When Taylor Swift was predicted to sell more than one million copies of her 2010 album Speak Now, her label head [article id="1651391"]told MTV News[/article] he had a big dance party lined up for the singer, who likes to keep things low-key.
But when Mumford & Sons likely score the [article id="1694640"]biggest sales week of 2012[/article], and possibly the strongest rock bow since AC/DC in 2008, the founder and CEO of their independent label has an appropriately folksy, even more low-key celebration planned.
"No new cars," laughed Daniel Glass when asked by MTV News if the hard-strumming quartet could expect celebratory gifts for reaching the expert-predicted 600,000-plus figures for Wednesday's debut of their second album, Babel.
"We have something we think is very special ... we hug," he said of the humble gesture that's in keeping with the humble nature of the English quartet's public persona. "We're big huggers. We will give them a big hug and compliments on their job."
Glass is excited about what will easily be the biggest first week for any band on his label (home to Phoenix, Two Door Cinema Club and Oberhofer), but he said that the seeds for the success of Babel were planted long ago. "I can go back to the beginning and I knew we were signing a very talented band to our roster," he said of Mumford, whose 2010 debut, Sigh No More, debuted at a lowly #116 on sales of just over 4,000, but has since gone on to sell nearly 2.5 million copies in the U.S., hit #1 on the iTunes chart and remained in the top 30 as of last week.
"They delivered incredible music for a second time ... and the work that was done, it's very empowering and shows a lot of confidence when a band goes out for almost two months playing new music from the new album for their fans and shares it with them and makes the fan experience so wonderful and inclusive," he said of the hard-touring group's shows this year.
In a recent New York Times profile, the band discussed the importance of touring and their feeling that they'd rather play their songs in concert for fans than record new music. Glass said that dedication to connecting with their audience has been key in the hug-splosion that is likely to take place on Wednesday morning when the SoundScan figures come out and Mumford come out way ahead of such veteran acts as Pink and Green Day.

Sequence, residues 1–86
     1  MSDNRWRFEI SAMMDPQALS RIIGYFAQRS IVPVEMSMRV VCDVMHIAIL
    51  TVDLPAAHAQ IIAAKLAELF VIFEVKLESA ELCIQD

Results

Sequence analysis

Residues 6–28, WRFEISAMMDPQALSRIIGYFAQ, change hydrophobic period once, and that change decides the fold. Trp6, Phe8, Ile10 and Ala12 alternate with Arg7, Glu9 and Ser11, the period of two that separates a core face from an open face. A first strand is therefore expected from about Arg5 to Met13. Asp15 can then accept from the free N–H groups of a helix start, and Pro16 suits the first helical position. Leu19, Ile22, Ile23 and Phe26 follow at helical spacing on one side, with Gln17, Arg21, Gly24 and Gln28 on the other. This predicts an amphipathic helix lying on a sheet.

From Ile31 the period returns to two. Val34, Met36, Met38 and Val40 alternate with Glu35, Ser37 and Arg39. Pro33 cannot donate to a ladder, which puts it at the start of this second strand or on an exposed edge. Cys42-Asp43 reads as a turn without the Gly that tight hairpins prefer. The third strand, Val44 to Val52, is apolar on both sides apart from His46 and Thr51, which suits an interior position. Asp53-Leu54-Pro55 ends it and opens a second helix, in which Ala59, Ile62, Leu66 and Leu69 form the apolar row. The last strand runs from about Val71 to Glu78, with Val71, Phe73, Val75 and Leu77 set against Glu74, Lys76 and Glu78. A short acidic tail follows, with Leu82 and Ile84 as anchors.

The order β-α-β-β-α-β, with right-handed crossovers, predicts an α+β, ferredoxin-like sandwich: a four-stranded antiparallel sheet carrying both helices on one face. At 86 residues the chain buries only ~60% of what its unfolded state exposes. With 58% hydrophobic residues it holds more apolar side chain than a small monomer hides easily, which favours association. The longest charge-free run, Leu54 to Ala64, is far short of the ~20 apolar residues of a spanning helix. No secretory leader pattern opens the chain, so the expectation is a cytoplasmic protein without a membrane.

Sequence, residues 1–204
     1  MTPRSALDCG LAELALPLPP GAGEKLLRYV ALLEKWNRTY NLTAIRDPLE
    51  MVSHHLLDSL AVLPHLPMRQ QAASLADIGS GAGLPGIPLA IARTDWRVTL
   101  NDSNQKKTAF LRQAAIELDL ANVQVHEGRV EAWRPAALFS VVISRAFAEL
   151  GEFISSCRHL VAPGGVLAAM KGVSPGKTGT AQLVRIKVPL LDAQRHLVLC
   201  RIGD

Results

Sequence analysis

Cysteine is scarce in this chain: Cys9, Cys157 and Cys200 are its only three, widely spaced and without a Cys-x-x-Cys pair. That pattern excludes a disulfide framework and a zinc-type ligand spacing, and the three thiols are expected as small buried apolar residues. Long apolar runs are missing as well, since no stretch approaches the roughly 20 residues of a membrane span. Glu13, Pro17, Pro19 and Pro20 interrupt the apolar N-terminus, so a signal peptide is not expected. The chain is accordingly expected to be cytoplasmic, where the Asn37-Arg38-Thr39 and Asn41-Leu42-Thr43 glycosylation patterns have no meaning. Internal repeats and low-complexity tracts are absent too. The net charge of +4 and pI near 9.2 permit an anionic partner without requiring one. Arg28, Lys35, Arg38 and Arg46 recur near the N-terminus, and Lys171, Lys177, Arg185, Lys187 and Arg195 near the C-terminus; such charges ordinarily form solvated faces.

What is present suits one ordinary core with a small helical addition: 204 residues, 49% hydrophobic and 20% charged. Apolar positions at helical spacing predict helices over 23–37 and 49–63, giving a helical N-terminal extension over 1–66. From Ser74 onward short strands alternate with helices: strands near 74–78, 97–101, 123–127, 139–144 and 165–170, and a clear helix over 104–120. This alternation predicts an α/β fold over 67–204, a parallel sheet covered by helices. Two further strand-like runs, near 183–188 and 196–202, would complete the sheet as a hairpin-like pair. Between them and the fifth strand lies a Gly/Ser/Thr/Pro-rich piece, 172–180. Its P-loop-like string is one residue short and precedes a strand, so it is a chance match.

"The attitude of Mumford & Sons is that fans really do come first and word of mouth is important," Glass said. "They've let you in on new music for a long time and it's not a marketing ploy. It has been that unfurling and exposure going on for a year and a half with the new music."
That desire to share new music as it's written with the band's dedicated, concert-going audience is one of the reasons Glass said Mumford's music has continued to sell well after its initial release.
"We've never heavily discounted their albums because that's part of it," he said of the positive word-of-mouth that has spread following a typically raucous Mumford show. "The album is great, the deluxe package [of Sigh No More] is great. The band hasn't changed and that's what's great about them. They love to play, they live to play and that's what great rock bands do. They're not on a star trip. They enjoy themselves and people share in that joy."
Before final numbers were available for the reporting week that ended on Sunday, Glass said he wasn't interested in projections. He humbly said he's prepared for a "great" reception, but he honestly doesn't even recall ever talking about a number, per se. "I'm not being arrogant," he said. "We know we made a brilliant record and we're prepared for it. We did all the right things to get ready."
And at press time, it showed. Glass said "I Will Wait" was #1 on the AAA radio charts and #1 on the alternative rock charts and "Babel" and "Lovers' Eyes" were among the six songs that stations were spinning. The band had hit [article id="1694283"]"Saturday Night Live"[/article] recently, notched a successful CMT Crossroads special, wrapped their mini-festival Gentlemen of the Road Stopover tour and just announced a Hollywood Bowl gig.
"Everybody did their job," he said. "Are we surprised? Is it more than we expected? We're elated. I'm so happy for us and the band, but to us it's about next year, the marathon of this new album."